One of the things about Malaysia is that it’s loud. From the food to the people to most of the famous attractions, everything about it shouts “in your face loud.” It’s quite easy to paint Malaysia, and especially Kuala Lumpur as a noisy city, but there are parts of the city which offer a welcome refuge from the noise while allowing you to immerse yourself in the history of the country.
If you’re a lone traveller who just wants to walk around and don’t mind the heat, then you might want to check out Tugu Negara. Known as the National Monument in English, it is a tribute to soldiers who died fighting for Malaya in the first two World Wars, and then in the subsequent Emergency Period from 1948 to 1960.
Walking from the nearest public transport to Tugu Negara can be dehydrating. I would recommend bringing a bottle of water if you’re headed there anytime after 10am. The sun can be quite hot as you walk from Dataran Merdeka, then Padang Merbok, and finally, a quiet and yet contemplative 1km stretch towards the Botanical Gardens and Tugu Negara.
If you take this road, you’ll be entering Tugu Negara through the park side. You might think the place is abandoned when you first step through, but press on and you’ll soon come out to the monument area.
The Central Pavilion is a crescent-shaped area that houses two points of interest: the emblems and names of the regiments that served in World War 2 and during the Emergency Period, and the microfilm vault where the names of the fallen heroes are recorded. The metal grille that houses the vault also displays the different state emblems of Malaysia. Sadly, these emblems are slightly rusty and dull due to neglect.
Right in front of this is the Reflection Pool, an impressive fountain flanked by waterlilies all around. They invite you to take a moment to reflect before making your move to the main attraction. In case you’re wondering, the waterlilies are made from pewter, which is one of Malaysia’s most well-known exports.
The main attraction, Tugu Negara is one of the most impressive and largest free-standing bronze sculptures in the world. Crafted by Felix De Weldon, the 7 figures represent courage, leadership, sacrifice,strength, suffering, unity and vigilance. It’s also the best place to take a selfie to show everyone you actually went here.
Protip: the lighting around late morning, before the afternoon sun appears with a vengeance, would probably be the best time to take photos.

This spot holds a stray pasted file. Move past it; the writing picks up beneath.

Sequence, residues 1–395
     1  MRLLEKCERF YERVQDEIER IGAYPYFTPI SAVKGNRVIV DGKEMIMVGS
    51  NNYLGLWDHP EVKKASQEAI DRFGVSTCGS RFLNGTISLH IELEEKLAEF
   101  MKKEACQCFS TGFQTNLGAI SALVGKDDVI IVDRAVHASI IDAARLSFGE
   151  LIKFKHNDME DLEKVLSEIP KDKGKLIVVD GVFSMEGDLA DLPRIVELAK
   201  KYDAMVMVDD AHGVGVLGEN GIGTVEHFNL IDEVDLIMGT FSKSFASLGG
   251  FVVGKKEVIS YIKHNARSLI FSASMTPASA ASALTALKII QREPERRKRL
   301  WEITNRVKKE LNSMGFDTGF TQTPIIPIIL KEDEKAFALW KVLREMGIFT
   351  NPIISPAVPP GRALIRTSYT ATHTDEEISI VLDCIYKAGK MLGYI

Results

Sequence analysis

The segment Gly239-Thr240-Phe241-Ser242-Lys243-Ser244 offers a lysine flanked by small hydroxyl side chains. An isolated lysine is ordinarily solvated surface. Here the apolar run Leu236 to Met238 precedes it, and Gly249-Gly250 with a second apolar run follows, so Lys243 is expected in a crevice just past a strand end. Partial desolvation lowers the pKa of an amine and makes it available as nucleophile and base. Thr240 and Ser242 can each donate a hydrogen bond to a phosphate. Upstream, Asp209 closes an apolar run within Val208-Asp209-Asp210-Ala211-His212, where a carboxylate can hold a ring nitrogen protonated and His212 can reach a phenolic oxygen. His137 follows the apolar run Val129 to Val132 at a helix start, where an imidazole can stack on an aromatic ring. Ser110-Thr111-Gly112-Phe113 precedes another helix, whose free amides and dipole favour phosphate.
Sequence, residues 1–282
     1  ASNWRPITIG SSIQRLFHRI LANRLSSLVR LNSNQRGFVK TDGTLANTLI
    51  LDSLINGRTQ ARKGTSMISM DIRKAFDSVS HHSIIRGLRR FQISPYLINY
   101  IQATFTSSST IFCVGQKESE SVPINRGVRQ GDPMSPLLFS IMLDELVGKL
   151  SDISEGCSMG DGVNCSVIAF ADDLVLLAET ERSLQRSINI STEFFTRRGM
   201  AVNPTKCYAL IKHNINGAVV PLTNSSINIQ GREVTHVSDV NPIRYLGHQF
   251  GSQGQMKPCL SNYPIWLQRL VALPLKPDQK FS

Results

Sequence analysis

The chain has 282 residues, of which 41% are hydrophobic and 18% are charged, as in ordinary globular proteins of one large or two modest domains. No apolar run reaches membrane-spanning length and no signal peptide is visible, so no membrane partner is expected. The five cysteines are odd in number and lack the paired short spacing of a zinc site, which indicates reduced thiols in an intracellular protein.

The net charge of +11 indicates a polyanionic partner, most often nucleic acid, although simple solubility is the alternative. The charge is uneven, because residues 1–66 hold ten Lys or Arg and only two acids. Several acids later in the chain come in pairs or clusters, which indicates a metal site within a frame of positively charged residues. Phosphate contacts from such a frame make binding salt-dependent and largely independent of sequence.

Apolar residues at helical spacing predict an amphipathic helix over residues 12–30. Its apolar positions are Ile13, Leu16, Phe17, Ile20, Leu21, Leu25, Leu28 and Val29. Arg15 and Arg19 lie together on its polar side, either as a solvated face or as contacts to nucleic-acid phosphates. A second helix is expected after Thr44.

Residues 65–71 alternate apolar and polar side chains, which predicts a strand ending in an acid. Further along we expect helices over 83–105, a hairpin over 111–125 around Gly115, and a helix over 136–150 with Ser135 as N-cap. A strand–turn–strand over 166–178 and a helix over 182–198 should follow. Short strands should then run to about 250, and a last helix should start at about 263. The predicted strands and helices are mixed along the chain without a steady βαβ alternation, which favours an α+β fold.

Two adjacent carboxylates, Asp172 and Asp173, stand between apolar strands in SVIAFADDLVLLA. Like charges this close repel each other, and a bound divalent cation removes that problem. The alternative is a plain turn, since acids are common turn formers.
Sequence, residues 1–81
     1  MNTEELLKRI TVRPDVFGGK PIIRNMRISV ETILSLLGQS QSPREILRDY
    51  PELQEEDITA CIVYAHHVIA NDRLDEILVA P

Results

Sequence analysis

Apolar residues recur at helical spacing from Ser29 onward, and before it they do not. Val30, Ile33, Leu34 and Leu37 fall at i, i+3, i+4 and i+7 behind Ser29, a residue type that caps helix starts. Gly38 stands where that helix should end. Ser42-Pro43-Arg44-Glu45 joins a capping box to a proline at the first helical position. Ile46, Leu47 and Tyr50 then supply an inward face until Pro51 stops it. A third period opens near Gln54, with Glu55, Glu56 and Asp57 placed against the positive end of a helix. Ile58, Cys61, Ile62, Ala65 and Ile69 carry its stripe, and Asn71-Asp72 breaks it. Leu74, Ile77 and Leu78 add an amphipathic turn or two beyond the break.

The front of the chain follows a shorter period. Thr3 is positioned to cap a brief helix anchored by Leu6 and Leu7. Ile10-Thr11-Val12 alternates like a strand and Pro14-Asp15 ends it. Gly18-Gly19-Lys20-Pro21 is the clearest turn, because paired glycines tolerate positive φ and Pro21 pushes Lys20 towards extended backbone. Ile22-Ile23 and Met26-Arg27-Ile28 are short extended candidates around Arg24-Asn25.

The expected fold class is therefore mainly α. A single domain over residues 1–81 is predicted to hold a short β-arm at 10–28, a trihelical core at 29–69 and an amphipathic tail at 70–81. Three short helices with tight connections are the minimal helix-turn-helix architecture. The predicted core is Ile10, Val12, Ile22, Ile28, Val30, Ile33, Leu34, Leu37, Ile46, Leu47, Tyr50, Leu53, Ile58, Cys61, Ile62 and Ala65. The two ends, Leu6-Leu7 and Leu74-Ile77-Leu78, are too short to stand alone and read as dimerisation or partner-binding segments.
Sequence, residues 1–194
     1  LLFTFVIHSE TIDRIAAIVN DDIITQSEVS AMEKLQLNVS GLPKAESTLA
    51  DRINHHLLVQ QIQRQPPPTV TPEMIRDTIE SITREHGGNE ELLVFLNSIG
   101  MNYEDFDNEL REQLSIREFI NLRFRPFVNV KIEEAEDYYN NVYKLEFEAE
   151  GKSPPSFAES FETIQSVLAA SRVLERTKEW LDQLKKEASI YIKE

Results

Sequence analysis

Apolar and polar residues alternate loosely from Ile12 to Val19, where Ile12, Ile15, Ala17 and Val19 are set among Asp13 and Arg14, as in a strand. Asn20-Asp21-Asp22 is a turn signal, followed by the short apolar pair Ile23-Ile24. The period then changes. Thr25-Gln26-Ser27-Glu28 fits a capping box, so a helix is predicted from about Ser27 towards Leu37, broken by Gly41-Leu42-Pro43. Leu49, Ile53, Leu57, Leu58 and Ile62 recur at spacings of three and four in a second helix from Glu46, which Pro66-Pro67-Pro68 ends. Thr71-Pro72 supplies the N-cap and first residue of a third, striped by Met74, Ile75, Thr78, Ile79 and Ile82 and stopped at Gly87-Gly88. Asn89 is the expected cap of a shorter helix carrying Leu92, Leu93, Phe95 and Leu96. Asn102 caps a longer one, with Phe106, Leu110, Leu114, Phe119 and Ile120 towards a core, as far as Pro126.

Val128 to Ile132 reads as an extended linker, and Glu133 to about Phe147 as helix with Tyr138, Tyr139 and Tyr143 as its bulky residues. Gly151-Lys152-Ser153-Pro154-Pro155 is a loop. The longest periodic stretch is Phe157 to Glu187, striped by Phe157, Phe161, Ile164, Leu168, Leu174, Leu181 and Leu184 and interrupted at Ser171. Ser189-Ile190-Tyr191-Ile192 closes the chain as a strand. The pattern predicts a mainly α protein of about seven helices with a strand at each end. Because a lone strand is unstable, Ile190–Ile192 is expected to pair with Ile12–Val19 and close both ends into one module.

And depending on your luck, the weather might be good enough for you to enjoy a breathtaking view of the city. In a way, it would not be too far off to say that the warriors enshrined in Tugu Negara are actually still looking after the city. There are days when you’d get hazy pictures like these though.
Once done, make your way to the Cenopath, which was the original inspiration for Tugu Negara. This 10 metre cenopath commemorates the fallen of the British’s fallen in the world wars. If you can, take a moment and have a really close look at the names. They’re quite interesting and can be inspiring for the writer-traveller.
After all that walking around, check out the Tugu View Cafe nearby for refreshments.
Tugu Negara is accessible by public transport, but I would recommend visiting on the weekends as there’ll be plenty of people walking about. To get there, take the Kelana Jaya LRT line to Masjid Jamek, and then get out on the same side as the OCBC HQ. Walk towards Lake Gardens via Jalan Tun Perak and then onto Jalan Parlimen (it’s a fairly straight road) until you see the signs that say Tugu Negara on your right.
The walk will take you through some of the busiest roads in Kuala Lumpur, so watch the crossing signs.
There are also some underground paths that’ll help you skip the road crossings, but I would recommend only using them if you have a companion.
Alternatively, you can hail a cab and ask them to take you to Tugu Negara.
Entrance Fee: Free
Operating hours: 7AM to 6PM daily